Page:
Time is a challenge. I have to compose at the same time, and it’s hard to devote time to everything. I am a composer, my sponsors are in America and they would prefer to hear my new work and my music rather than hear that I’ve opened a school in Cambodia. For me, this school is a labour of love.

I want to teach piano in the right way, have a generation of brilliant Cambodian classical, modern and traditional musicians. And instruments like the harp will live on.

MOST VIEWED

  • Hong Kong firm done buying Coke Cambodia

    Swire Coca-Cola Ltd, a wholly-owned subsidiary of Hong Kong-listed Swire Pacific Ltd, on November 25 announced that it had completed the acquisition of The Coca-Cola Co’s bottling business in Cambodia, as part of its ambitions to expand into the Southeast Asian market. Swire Coca-Cola affirmed

  • Cambodia's Bokator now officially in World Heritage List

    UNESCO has officially inscribed Cambodia’s “Kun Lbokator”, commonly known as Bokator, on the World Heritage List, according to Minister of Culture and Fine Arts Phoeurng Sackona in her brief report to Prime Minister Hun Sen on the night of November 29. Her report, which was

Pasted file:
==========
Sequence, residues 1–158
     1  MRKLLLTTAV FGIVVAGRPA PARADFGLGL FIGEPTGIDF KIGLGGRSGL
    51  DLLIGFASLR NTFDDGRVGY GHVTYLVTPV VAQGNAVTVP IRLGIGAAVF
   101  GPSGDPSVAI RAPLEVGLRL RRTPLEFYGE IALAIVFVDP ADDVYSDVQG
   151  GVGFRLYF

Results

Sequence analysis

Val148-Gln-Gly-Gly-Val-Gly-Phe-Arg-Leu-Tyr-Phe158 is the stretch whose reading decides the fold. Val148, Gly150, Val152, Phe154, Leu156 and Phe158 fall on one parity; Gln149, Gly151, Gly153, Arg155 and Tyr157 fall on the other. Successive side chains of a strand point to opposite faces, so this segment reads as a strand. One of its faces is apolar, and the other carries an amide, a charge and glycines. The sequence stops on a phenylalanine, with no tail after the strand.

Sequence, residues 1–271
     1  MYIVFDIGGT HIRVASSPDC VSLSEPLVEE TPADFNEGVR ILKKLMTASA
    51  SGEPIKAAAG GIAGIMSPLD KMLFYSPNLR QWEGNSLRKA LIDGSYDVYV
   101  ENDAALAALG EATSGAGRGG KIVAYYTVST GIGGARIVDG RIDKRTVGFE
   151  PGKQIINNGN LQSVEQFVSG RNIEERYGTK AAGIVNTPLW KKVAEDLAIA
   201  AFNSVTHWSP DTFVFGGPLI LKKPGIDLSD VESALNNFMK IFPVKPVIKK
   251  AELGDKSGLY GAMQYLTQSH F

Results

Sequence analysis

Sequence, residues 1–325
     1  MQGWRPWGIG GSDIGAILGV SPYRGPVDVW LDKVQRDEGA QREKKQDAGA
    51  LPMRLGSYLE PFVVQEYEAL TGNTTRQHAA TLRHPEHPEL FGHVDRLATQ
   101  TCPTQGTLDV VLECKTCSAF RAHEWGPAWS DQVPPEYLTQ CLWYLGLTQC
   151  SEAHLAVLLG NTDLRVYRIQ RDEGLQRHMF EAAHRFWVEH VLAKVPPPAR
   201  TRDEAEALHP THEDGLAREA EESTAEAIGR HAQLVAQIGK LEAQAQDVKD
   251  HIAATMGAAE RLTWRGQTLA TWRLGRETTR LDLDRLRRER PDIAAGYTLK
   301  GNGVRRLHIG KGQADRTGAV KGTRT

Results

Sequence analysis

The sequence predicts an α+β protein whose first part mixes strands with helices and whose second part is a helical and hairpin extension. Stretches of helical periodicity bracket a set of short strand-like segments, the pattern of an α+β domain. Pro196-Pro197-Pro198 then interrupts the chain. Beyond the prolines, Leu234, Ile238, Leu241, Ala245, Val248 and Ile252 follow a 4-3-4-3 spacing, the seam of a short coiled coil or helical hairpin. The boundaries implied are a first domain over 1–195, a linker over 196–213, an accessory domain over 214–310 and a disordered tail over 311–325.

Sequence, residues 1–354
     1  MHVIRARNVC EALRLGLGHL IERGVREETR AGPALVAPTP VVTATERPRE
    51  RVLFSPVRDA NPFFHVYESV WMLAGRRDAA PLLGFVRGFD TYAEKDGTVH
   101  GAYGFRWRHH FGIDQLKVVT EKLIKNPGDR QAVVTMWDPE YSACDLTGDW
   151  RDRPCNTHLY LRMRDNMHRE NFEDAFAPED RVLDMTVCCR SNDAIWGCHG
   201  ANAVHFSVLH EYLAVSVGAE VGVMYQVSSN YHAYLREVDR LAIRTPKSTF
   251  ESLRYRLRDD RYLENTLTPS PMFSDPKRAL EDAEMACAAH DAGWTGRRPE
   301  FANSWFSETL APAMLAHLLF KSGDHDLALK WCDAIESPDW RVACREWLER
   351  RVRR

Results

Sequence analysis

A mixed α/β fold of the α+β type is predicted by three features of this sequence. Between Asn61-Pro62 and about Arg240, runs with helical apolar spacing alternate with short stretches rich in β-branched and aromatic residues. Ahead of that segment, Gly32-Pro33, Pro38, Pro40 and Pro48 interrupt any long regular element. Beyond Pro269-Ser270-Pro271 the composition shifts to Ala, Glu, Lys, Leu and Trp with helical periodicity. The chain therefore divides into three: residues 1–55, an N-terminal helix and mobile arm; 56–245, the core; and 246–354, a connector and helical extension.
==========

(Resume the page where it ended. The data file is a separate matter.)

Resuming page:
• NagaWorld union leader arrested at airport after Australia trip

    Chhim Sithar, head of the Labour Rights Supported Union of Khmer Employees at NagaWorld integrated casino resort, was arrested on November 26 at Phnom Penh International Airport and placed in pre-trial detention after returning from a 12-day trip to Australia. Phnom Penh Municipal Court Investigating Judge

  • Angkor Beer, 30 Years of Prestige and Still Counting

    Let’s celebrate 30 years of prestige with Angkor Beer. In this 2022, Angkor Beer is 30 years old and has been staying with Cambodian hearts in all circumstances. Head of core beer portfolio, EmYuthousaid, “We have been with Cambodians for three decades now. We, ANGKOR Beer, pride

  • Sub-Decree approves $30M for mine clearance

    The Cambodian government established the ‘Mine-Free Cambodia 2025 Foundation’, and released an initial budget of $30 million. Based on the progress of the foundation in 2023, 2024 and 2025, more funds will be added from the national budget and other sources. In a sub-decree signed by Prime Minister Hun Sen

  • Two senior GDP officials defect to CPP

    Two senior officials of the Grassroots Democratic Party (GDP) have asked to join the Cambodian People’s Party (CPP), after apparently failing to forge a political alliance in the run-up to the 2023 general election. Yang Saing Koma, chairman of the GDP board, and Lek Sothear,